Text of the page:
Seminoles hit turbulence on 2nd tour of ACC Gear up for Terps after fall from top 25

January 13, 1993|By Don Markus | Don Markus,Staff Writer

TALLAHASSEE, Fla. -- Pat Kennedy knew that this season would be a difficult one for his Florida State basketball team, a ride back to reality for the Seminoles after their fantasy first year in the Atlantic Coast Conference.

Little did he know how hard the landing would be.

"It's been a roller-coaster season for us," said Kennedy.

Going into tonight's game against Maryland (8-3, 0-2) at the Tallahassee-Leon County Civic Center, Florida State (9-5, 1-1) has seen its national ranking drop from No. 7 in late November to out of the Top 25 this week. Injuries, inconsistency and incompatibility have all played their part.

"Last year was kind of a magical year for us -- beating North Carolina twice, finishing second in the conference, winning all those close games on the road, going to the Sweet 16," said Kennedy, in his seventh year at the school. "I don't know how many times Florida State will go to the Sweet 16. But the one thing we didn't plan on was injuries."

Start with senior guard Chuckie Graham blowing out a knee in the 1992-93 opener against Siena. Then came an assortment of nagging injuries to senior forward Douglas Edwards, which prevented him from practicing for most of the first month. And, finally, 7-foot center Andre Reid broke a hand last month.

"We became college basketball's 'M*A*S*H' unit," joked Kennedy.

But the Seminoles didn't just need to consult an orthopedist, they needed a psychologist as well. Some accused Edwards of being a hypochondriac. Starting guards Sam Cassell and Bobby Sura were staging a not-so-private family feud, upset about the other's shot selection.

"Those three kids did not jell well together," said Kennedy, who was aware of the potential for problems after Sura's outstanding preseason carried into the team's first two games. "The pressure mounted. We addressed it after we lost those two games in New York, and they have done a great job of working it out."

Said Cassell, a senior from Baltimore, "It's been very tough. Guys weren't comfortable through the whole [ACC] preseason. We didn't have Charlie [Ward]. We lost Chuck and Andre. It was a hard adjustment. Bobby was playing very well for us, but this team needs me to score points. I had to be a set-up man and that's not going to win us many games."

In retrospect, the biggest problem was the absence of point guard Ward. The starting quarterback on Florida State's No. 2-ranked football team and the ACC's 1992 Player of the Year, Ward didn't return to the basketball court until after the Orange Bowl win over Nebraska. By the time he came back last week, the Seminoles were a mess.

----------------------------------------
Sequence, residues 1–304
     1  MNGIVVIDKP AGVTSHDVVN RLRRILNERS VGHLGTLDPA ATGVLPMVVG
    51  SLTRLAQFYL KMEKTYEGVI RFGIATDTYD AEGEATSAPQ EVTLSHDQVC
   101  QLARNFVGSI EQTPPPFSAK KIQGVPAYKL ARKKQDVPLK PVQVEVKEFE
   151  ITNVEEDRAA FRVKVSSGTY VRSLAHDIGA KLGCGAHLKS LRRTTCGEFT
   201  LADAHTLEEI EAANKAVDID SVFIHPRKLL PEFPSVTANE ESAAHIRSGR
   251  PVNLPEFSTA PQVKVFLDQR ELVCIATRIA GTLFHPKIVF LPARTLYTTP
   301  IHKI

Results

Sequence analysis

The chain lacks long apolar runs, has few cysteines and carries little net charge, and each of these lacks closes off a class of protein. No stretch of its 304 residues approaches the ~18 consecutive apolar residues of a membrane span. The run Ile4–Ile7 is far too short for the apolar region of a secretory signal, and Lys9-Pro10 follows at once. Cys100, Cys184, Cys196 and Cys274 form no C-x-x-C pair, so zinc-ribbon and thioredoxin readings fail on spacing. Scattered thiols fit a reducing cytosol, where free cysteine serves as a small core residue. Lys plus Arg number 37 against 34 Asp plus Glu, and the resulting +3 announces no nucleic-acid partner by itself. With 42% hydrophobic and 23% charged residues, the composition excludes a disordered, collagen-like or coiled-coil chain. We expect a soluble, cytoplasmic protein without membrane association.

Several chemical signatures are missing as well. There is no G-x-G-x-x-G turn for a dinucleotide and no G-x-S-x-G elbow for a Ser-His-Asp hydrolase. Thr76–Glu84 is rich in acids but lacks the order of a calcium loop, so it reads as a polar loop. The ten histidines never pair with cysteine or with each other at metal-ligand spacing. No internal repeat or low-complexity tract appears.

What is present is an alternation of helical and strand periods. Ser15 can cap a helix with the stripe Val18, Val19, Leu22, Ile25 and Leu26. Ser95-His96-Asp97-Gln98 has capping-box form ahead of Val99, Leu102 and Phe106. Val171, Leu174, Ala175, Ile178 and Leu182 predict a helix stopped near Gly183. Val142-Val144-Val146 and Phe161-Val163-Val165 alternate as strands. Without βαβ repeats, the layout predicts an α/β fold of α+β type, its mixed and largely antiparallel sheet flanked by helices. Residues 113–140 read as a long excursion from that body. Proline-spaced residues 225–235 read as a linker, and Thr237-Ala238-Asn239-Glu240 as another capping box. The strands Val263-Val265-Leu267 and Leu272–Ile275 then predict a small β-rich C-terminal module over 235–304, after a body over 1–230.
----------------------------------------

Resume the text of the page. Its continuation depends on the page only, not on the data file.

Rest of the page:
Not only had Florida State suffered back-to-back losses to nationally ranked Indiana and UCLA in the semifinals and consolation game of the preseason NIT, but it also had lost at Duquesne and at home to Florida. In Ward's first game back, the Seminoles dropped their ACC opener at Virginia. There weren't enough basketballs to keep Cassell, Sura and Edwards happy.

"Getting Charlie back was a key for us," said Kennedy, whose team finished 22-10 last year, 11-5 in the ACC.

Evidence of that came in Saturday's 74-72 win at Wake Forest. After losing a number of close games down the stretch, the Seminoles came from behind to beat the Demon Deacons. Ward made one turnover in 43 minutes and Cassell, who had scored a season-low 10 points after three straight games of 30 or more, hit a game-winning three-point play with one second left.

Kennedy hopes the victory in Winston-Salem, N.C., and Cassell's last-second heroics will revitalize the Seminoles. It was reminiscent of last year, when Florida State won several close games on the road -- including in overtime at Maryland -- and Cassell hit a number of game-winning shots, including one at Wake Forest.

0 "It just renewed a lot of confidence for us," said Kennedy. "There's a lot of joy and happiness with our winning over Wake Forest. But there's also a feeling of relief. It's like, whew, I'm glad we didn't start off 0-2 in the league."

Said Cassell, "Guys are better understanding their roles, what to do in their roles."

Not that the Seminoles have all their swagger back from last season. And just because Maryland lost its first two league games, including a 28-point defeat at North Carolina Saturday, doesn't mean Florida State will take tonight's game lightly.

"Maryland came in here last year and beat us solidly," said Cassell. "We have a chip on our shoulder for that. Maryland hasn't won in the league yet and we've lost once, too. It's a must-win situation for both teams."

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